Even if freshly planted butterfly lilacs have to be watered well every now and then so that they grow better and do not get into drought stress until then, specimens already established in their location very rarely need water from the garden hose or watering can. You can only water it if it is warm and dry for a longer period of time and / or the shrub shows signs of this. Buddleja kept in buckets, on the other hand, are dependent on a regular supply of the precious liquid, as they are not able to do so themselves. However, avoid waterlogging in any case, as this inevitably leads to root rot.
Since the butterfly lilac is very lime-tolerant, you can pour it with tap water without hesitation.
Fertilize butterfly lilacs properly
Not only in terms of water, but also in terms of nutrient supply, the butterfly lilac is quite undemanding. Provide planted bushes with plenty of compost and a handful of horn shavings (€ 6.39 at Amazon *) to stimulate the subsequent new growth when planting and always after pruning. If the Buddleja doesn't want to get into a blooming mood, a nutrient deficiency can be the cause. Eliminate this with a liquid universal fertilizer or with the more frequent supply of compost or manure. Only butterfly lilacs kept in planters must be given a liquid fertilizer for potted plants every two weeks together with the irrigation water.
Cut butterfly lilacs correctly
Possible pruning measures always depend on the species and variety of the butterfly lilac. Buddleja davidii, for example, only develops flowers on the new shoots and should therefore be cut back drastically in spring: the gardener calls this “put on the cane”. In doing so, cap all parts of the plant to a height of 20 to 30 centimeters above the ground, although this measure should be necessary after most winters anyway: The species often freezes back in frosty temperatures. If possible, do this pruning in March, but no later than April.
Other species of butterfly lilac, however, such as the Chinese Buddleja alternifolia, must not be pruned as much. You only thin out these species after flowering by cutting off branches that are too close together and dry. However, be careful not to cut any new shoots, as the species will bloom on these in the coming year.
Regardless of the type of butterfly lilac, you should always cut back withered shoots. In this way, the shrub does not invest its energy in the formation of fruits and seeds, but instead sets new flowers.
Propagate butterfly lilacs
If you particularly like a certain butterfly lilac, you should always propagate it using cuttings. This is the only way that the offspring are genuinely pure and have the same properties as the mother plant - after all, it is basically a genetically identical clone. You can achieve the same effect if you plant sinkers instead of cuttings or cut cuttings from the clippings. The vegetative type of propagation works in the butterfly lilac without any problems according to this scheme:
- The best times to cut the cuttings are June and July.
- Choose young, semi-lignified twigs with no blossoming flowers for this purpose.
- Wholly lignified branches are not suitable for cutting, but for cuttings.
- Cuttings are ideally ten to 15 centimeters long.
- Remove all but the top two or three.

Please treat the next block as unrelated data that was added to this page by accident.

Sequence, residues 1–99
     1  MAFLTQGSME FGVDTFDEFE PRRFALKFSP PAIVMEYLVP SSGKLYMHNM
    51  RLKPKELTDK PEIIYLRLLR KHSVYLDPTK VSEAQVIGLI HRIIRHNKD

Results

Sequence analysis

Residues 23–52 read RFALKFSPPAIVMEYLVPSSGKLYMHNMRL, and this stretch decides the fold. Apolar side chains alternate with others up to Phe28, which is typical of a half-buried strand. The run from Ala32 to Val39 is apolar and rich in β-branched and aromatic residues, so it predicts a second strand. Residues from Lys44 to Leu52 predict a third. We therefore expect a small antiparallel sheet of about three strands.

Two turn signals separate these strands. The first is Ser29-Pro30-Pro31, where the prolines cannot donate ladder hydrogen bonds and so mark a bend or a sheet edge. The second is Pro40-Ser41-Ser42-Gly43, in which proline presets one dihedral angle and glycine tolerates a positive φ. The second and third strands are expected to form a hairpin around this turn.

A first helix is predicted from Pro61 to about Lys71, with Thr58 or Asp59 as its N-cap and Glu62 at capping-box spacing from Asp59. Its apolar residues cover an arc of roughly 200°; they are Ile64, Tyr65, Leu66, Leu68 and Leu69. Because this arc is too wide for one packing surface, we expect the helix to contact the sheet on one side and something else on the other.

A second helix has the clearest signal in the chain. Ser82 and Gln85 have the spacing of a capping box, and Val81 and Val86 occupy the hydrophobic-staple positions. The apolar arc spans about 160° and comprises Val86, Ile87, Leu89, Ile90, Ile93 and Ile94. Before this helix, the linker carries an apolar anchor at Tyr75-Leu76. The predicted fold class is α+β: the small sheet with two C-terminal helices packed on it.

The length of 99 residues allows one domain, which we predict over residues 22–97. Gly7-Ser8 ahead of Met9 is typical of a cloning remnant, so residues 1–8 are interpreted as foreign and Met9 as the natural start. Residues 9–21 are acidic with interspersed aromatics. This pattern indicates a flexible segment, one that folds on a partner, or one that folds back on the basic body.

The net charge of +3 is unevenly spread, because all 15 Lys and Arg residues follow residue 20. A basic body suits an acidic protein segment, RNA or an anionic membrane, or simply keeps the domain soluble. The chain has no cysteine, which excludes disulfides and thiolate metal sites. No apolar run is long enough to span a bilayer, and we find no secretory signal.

- Cut this in half so that too much water does not evaporate on the leaves.
- Put the cuttings separately in pots with poor growing substrate. (€ 9.05 at Amazon *)
- Always keep it slightly damp, but it must not be dripping wet.
- Put translucent covering over it to make a mini greenhouse improvisation.
- Cling film or a cut-off PET bottle are suitable for this purpose.
- Now place the pot in a bright and warm place out of direct sunlight.
- Don't forget: ventilate daily!
You can finally remove the protective cover when the cuttings develop the first new shoots. However, care for the young butterfly lilacs for the first winter still frost-free, but cool and light, and plant them out in the coming spring.
Do you like surprises? Then sow in your own collected or purchased Buddleja seeds, sow them and see whether a new variety might even come out.
Diseases and pests
The butterfly lilac is a very robust plant that is rarely attacked by pathogens or pests. Should problems arise, it is mostly due to care errors or the plant does not feel comfortable in its location. If Buddleja develops yellow leaves, this is usually an indication of excessive watering or even waterlogging. This shows up quickly by wilting and drying up only individual, later several shoots.
The basically hardy variants of the Buddleja davidii species also need light winter protection as young plants, for example in the form of a leaf or brushwood cover on the root disc. On the other hand, you can simply prune back frozen above-ground parts of the plant in spring, the plant will sprout again very quickly.
Species and varieties
The greatest variety of varieties can be found in the popular Buddleja species B. davidii, whose numerous variants look very different in terms of growth and color. For example, these cultivated forms are nice for the home garden:
- 'Adonis Blue': dark blue, very beautiful flower color
- 'African Queen': purple-blue flower panicles, bright color
- 'Black Knight': dark purple flower panicles, very dark color
- 'Cardinal': bright, dark pink panicles of flowers
- 'Empire Blue' blue-violet, light flower color
- 'Pink Delight': bright pink flower panicles
- 'Purple Emperor': purple-red, rather dark panicles of flowers
- 'White Bouquet': bright, pure white flower color
The only yellow flowering butterfly lilac is the 'Sungold' variety of the yellow summer lavender (Buddleja x weyeriana).